Chapter 1, ‘The Mythic Imagination’, outlines Hughes’ abiding concern with the progressive and devastating alienation of Western Man from Nature. Hughes described this as our “exile” from nature, and he believed that it cuts us off from our own inner world as well as from the world around us. Sagar shows how Hughes’ quest for healing through the imaginative powers of myth and poetry shaped his writing; and how it led him ever deeper into the explorative use of powerful energies which other artists have called ‘duende’ and ‘mana’, or have dealt with through mythic and religious symbolism and ritual. “We can say of Hughes”, writes Sagar, “what Hughes said of Eliot, that every poem must be read, chronologically, as part of ‘the series which makes up the poet’s opus’. In The Laughter of Foxes, Sagar demonstrates very effectively how such a reading can be done, especially in Hughes’ plays, where his exploration of the Orphic myth of loss, search and redemption has universal meaning but also had particular meaning in Hughes’ life.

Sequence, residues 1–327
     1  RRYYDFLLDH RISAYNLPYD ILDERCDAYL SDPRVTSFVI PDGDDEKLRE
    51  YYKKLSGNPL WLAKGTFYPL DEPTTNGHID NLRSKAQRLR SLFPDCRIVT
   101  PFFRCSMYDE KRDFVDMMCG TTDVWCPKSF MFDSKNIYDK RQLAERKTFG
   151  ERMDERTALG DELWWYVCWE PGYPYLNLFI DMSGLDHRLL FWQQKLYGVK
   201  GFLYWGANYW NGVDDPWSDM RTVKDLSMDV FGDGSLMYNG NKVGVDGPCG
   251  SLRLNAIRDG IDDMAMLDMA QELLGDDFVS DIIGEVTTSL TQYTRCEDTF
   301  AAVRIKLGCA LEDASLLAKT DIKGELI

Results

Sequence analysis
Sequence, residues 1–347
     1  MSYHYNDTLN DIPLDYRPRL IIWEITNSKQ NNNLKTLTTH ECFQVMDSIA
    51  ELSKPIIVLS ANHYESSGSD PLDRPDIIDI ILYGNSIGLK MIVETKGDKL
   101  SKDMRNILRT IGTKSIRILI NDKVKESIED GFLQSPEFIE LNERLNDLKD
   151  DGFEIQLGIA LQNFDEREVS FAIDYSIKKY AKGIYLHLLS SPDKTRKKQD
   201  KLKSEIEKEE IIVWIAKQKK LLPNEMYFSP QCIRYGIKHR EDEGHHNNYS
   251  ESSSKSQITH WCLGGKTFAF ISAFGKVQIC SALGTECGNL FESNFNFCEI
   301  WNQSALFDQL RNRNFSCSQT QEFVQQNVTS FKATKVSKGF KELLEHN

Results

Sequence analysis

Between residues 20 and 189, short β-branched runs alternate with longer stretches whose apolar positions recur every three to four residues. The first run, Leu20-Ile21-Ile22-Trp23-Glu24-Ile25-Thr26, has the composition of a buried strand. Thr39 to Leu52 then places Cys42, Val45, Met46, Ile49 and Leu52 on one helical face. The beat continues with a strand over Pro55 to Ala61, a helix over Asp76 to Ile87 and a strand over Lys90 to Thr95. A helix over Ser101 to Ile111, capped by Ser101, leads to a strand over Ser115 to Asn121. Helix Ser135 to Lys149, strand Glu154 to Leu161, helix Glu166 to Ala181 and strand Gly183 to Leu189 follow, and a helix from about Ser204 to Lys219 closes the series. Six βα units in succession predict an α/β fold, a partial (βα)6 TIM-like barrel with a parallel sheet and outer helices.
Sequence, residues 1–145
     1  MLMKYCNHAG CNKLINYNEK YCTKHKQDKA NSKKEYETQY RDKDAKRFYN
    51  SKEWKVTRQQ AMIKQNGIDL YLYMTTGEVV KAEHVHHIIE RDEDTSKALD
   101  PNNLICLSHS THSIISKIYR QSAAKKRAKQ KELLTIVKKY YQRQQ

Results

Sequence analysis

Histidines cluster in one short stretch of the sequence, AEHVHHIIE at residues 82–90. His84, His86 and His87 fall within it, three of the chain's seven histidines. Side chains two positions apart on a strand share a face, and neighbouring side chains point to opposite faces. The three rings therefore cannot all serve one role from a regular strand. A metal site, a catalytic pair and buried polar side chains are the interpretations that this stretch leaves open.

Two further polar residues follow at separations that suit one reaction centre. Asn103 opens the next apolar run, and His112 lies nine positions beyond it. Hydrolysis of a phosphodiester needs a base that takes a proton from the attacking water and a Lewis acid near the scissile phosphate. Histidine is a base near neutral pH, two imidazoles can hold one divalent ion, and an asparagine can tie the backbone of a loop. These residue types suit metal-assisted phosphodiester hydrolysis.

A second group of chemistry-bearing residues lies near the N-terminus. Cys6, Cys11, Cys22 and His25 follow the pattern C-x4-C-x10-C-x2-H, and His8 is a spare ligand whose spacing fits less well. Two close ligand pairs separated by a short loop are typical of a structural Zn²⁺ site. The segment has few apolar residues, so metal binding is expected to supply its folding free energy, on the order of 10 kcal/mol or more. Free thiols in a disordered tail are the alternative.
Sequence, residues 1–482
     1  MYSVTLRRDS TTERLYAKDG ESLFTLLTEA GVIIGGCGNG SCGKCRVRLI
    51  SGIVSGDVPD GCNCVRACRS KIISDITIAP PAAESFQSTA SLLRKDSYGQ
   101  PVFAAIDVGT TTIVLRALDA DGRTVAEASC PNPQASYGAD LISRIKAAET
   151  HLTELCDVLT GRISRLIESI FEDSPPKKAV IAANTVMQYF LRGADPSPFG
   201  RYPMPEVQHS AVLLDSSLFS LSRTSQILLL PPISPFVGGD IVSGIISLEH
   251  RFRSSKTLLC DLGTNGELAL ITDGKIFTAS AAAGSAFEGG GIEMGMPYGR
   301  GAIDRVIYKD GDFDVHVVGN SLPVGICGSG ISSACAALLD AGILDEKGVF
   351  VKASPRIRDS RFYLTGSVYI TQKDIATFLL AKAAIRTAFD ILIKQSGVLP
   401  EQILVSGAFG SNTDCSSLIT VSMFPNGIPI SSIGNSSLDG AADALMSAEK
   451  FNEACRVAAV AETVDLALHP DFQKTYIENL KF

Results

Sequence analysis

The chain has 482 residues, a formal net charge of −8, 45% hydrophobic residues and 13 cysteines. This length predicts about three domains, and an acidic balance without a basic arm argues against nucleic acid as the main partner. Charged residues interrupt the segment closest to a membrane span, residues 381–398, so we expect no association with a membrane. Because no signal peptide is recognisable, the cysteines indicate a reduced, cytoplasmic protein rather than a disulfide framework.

In Chapter 2, ‘From Prospero to Orpheus’, Sagar deals with the poetic relationship between Ted Hughes and Sylvia Plath. He outlines the way in which both were shaped by their “childhood landscape”. He examines their collaborative goals and working methods. And he looks at the way in which their shared lives influenced their work, and how Plath’s death changed Hughes’ perception of his own poetic purpose. An interesting aspect of this discussion is Sagar’s detailed account of the way in which Birthday Letters reflects Hughes’ altered view of his own role in fostering Plath’s greatest achievement, her Ariel poems: how the “birth of the new creative self” for Sylvia – which they had both regarded as justified “at almost any cost” – becomes, in these poems, an altogether “darker, more confused and doubtful, more fatalistic” process.